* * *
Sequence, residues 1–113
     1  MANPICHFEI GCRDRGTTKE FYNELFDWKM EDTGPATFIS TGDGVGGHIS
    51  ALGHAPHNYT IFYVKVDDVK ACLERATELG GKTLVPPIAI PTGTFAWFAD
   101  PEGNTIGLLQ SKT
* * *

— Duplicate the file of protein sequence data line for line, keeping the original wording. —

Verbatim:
Sequence, residues 1–113
     1  MANPICHFEI GCRDRGTTKE FYNELFDWKM EDTGPATFIS TGDGVGGHIS
    51  ALGHAPHNYT IFYVKVDDVK ACLERATELG GKTLVPPIAI PTGTFAWFAD
   101  PEGNTIGLLQ SKT